Snapshot of the European car-sharing market

The European shared-mobility market has an estimated value of about €70 billion today (exhibit).1 What’s even more impressive is the sector’s potential growth. By 2030, shared-mobility spending is projected to reach €150 billion in our base-case scenario and about €200 billion in our accelerated scenario in our model of mobility markets. The main drivers behind the uptake include increased consumer willingness to use shared modes, a regulatory push to steer people from private-car ownership and usership to alternative mobility options, and the introduction of shared autonomous mobility.

In our accelerated scenario, the European car-sharing market is expected to reach about €4 billion to €5 billion by 2030.

Car sharing accounts for around €3 billion of total shared-mobility revenues today. These services may follow free-floating, station-based, or peer-to-peer models. The CAGR is expected to be lower for the car-sharing market than for total shared mobility, with revenues reaching about €4 billion by 2030 in the base-case scenario and around €4 billion to €5 billion in the accelerated scenario. Several factors contribute to this lower growth:

  • Customer-experience issues. Some customers are not able to find available vehicles when they need them, while others are reluctant to use car-sharing services because of the need to find parking at the final destination. Other customers prefer modes of transportation that do not require driving, since it gives them time to do other things.
  • City concerns. People typically use sharing services in addition to their existing private vehicles, thus increasing the number of cars on the road and potentially creating more problems with parking and traffic congestion.
  • Operator constraints. Building and operating fleets is expensive because of high asset costs, limiting the number of potential competitors. Less expensive vehicles, which are already under development, might help with this issue.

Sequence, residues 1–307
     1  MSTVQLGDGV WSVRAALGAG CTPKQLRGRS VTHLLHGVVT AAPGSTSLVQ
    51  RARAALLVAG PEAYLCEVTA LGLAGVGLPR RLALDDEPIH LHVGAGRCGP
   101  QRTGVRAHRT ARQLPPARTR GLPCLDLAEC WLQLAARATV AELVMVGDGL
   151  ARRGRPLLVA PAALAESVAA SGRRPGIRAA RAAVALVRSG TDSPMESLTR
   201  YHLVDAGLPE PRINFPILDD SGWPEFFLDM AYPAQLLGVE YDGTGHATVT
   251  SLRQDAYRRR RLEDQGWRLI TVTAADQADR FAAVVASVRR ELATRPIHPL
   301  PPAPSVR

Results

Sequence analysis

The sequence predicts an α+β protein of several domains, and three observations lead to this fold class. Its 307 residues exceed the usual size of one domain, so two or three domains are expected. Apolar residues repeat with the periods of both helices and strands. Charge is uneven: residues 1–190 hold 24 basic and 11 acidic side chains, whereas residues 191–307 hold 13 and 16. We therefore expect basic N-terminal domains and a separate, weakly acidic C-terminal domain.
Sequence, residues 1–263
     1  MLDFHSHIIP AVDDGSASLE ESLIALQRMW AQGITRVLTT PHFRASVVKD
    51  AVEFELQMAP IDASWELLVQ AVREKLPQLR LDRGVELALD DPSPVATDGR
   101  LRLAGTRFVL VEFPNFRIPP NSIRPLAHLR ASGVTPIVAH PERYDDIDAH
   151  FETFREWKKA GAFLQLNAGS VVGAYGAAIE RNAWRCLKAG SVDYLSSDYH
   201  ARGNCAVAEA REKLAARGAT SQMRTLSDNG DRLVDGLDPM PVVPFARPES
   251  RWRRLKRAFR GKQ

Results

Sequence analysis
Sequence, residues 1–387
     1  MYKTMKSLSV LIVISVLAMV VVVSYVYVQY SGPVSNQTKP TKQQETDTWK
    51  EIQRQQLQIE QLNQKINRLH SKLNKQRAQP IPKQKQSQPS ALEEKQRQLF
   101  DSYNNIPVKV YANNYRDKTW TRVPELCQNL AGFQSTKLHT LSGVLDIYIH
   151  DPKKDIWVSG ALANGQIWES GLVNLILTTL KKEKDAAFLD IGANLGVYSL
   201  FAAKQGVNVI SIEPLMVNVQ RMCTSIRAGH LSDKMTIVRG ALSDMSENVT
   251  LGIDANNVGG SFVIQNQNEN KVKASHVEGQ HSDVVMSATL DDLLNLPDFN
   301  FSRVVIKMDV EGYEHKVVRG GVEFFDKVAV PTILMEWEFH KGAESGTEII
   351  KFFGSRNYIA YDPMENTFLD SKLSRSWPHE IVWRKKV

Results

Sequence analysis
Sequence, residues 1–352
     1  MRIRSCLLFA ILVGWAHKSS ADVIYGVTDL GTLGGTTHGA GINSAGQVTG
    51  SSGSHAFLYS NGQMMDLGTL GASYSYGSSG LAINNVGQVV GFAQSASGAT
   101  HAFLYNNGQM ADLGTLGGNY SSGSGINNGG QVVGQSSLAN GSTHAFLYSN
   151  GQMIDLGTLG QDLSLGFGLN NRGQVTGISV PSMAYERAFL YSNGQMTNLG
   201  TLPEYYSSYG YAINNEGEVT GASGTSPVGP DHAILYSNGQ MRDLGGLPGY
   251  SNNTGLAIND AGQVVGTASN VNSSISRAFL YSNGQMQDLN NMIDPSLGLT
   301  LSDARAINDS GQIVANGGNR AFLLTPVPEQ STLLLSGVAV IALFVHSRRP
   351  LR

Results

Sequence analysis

Evolving attitudes and other changes could mitigate many of these problems. For instance, many urban residents might realize that car sharing is more convenient and cheaper than private-car ownership, especially if they only need a car occasionally. Similarly, car sharing is more likely to reach its full potential if cities change their policies on individually owned cars, such as by introducing city tolls, significantly upping the price for resident parking, and designating some city areas as car free. They could also aggressively promote car sharing by exempting car-sharing vehicles from such restrictions. On the operator side, companies can build momentum by addressing current consumer pain points, such as by providing parking spots at end destinations and increasing vehicle availability. They could also gain market share in urban areas by acknowledging local issues, such as the need for more electric vehicles that help cities meet their guidelines for reducing emissions.

1. Shared mobility includes pooled and nonpooled taxi, ride-hailing, and robo-taxi services; pooled shuttle, robo-shuttle, car-sharing, and car-rental services; and shared micromobility.

Kersten Heineke is a partner in McKinsey’s Frankfurt office, where Benedikt Kloss is an associate partner; Timo Möller is a partner in the Cologne office; and Darius Scurtu is a consultant in the Munich office.

McKinsey Center for Future Mobility